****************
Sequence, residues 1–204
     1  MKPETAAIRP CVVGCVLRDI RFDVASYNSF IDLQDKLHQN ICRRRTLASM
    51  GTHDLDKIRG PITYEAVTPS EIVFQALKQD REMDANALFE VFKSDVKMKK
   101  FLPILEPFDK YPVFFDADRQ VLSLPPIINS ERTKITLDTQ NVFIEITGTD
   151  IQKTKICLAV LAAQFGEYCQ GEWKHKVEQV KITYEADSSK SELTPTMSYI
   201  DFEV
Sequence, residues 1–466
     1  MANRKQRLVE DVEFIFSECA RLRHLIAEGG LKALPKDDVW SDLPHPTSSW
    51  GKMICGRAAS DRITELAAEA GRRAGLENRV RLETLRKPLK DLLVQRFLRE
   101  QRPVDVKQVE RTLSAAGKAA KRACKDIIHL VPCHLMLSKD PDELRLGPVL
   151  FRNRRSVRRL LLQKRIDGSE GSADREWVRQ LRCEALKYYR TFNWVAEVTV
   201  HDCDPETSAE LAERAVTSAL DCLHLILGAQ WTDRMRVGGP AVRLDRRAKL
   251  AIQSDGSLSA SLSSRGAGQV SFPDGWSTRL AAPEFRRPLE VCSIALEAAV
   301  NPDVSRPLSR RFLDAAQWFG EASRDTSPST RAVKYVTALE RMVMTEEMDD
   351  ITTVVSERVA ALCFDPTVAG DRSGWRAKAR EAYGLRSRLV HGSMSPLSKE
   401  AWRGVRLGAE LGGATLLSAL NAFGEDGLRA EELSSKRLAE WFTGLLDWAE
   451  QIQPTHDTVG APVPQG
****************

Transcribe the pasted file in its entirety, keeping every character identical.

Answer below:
Sequence, residues 1–204
     1  MKPETAAIRP CVVGCVLRDI RFDVASYNSF IDLQDKLHQN ICRRRTLASM
    51  GTHDLDKIRG PITYEAVTPS EIVFQALKQD REMDANALFE VFKSDVKMKK
   101  FLPILEPFDK YPVFFDADRQ VLSLPPIINS ERTKITLDTQ NVFIEITGTD
   151  IQKTKICLAV LAAQFGEYCQ GEWKHKVEQV KITYEADSSK SELTPTMSYI
   201  DFEV
Sequence, residues 1–466
     1  MANRKQRLVE DVEFIFSECA RLRHLIAEGG LKALPKDDVW SDLPHPTSSW
    51  GKMICGRAAS DRITELAAEA GRRAGLENRV RLETLRKPLK DLLVQRFLRE
   101  QRPVDVKQVE RTLSAAGKAA KRACKDIIHL VPCHLMLSKD PDELRLGPVL
   151  FRNRRSVRRL LLQKRIDGSE GSADREWVRQ LRCEALKYYR TFNWVAEVTV
   201  HDCDPETSAE LAERAVTSAL DCLHLILGAQ WTDRMRVGGP AVRLDRRAKL
   251  AIQSDGSLSA SLSSRGAGQV SFPDGWSTRL AAPEFRRPLE VCSIALEAAV
   301  NPDVSRPLSR RFLDAAQWFG EASRDTSPST RAVKYVTALE RMVMTEEMDD
   351  ITTVVSERVA ALCFDPTVAG DRSGWRAKAR EAYGLRSRLV HGSMSPLSKE
   401  AWRGVRLGAE LGGATLLSAL NAFGEDGLRA EELSSKRLAE WFTGLLDWAE
   451  QIQPTHDTVG APVPQG